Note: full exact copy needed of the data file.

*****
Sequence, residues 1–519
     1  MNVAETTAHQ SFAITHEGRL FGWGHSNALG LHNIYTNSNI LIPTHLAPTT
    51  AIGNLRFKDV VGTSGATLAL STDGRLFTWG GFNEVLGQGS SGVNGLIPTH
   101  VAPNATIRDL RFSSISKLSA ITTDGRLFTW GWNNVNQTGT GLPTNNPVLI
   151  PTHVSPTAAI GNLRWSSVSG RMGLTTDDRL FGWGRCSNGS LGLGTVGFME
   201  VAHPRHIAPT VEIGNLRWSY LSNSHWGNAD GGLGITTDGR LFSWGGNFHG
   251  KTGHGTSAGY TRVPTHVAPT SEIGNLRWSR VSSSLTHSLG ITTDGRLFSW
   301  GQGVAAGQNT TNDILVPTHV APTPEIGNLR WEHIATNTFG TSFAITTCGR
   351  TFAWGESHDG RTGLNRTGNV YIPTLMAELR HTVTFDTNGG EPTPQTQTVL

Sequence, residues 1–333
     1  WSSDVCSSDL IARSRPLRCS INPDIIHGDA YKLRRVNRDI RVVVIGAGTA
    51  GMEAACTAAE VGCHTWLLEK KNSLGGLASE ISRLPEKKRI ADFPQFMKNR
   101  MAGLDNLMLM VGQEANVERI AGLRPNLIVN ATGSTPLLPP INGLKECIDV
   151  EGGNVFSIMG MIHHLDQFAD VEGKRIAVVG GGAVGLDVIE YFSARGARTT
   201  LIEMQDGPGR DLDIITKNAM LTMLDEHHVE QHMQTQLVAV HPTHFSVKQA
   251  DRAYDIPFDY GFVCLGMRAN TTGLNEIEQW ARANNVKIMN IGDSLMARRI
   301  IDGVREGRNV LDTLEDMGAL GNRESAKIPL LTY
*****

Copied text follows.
Sequence, residues 1–519
     1  MNVAETTAHQ SFAITHEGRL FGWGHSNALG LHNIYTNSNI LIPTHLAPTT
    51  AIGNLRFKDV VGTSGATLAL STDGRLFTWG GFNEVLGQGS SGVNGLIPTH
   101  VAPNATIRDL RFSSISKLSA ITTDGRLFTW GWNNVNQTGT GLPTNNPVLI
   151  PTHVSPTAAI GNLRWSSVSG RMGLTTDDRL FGWGRCSNGS LGLGTVGFME
   201  VAHPRHIAPT VEIGNLRWSY LSNSHWGNAD GGLGITTDGR LFSWGGNFHG
   251  KTGHGTSAGY TRVPTHVAPT SEIGNLRWSR VSSSLTHSLG ITTDGRLFSW
   301  GQGVAAGQNT TNDILVPTHV APTPEIGNLR WEHIATNTFG TSFAITTCGR
   351  TFAWGESHDG RTGLNRTGNV YIPTLMAELR HTVTFDTNGG EPTPQTQTVL

Sequence, residues 1–333
     1  WSSDVCSSDL IARSRPLRCS INPDIIHGDA YKLRRVNRDI RVVVIGAGTA
    51  GMEAACTAAE VGCHTWLLEK KNSLGGLASE ISRLPEKKRI ADFPQFMKNR
   101  MAGLDNLMLM VGQEANVERI AGLRPNLIVN ATGSTPLLPP INGLKECIDV
   151  EGGNVFSIMG MIHHLDQFAD VEGKRIAVVG GGAVGLDVIE YFSARGARTT
   201  LIEMQDGPGR DLDIITKNAM LTMLDEHHVE QHMQTQLVAV HPTHFSVKQA
   251  DRAYDIPFDY GFVCLGMRAN TTGLNEIEQW ARANNVKIMN IGDSLMARRI
   301  IDGVREGRNV LDTLEDMGAL GNRESAKIPL LTY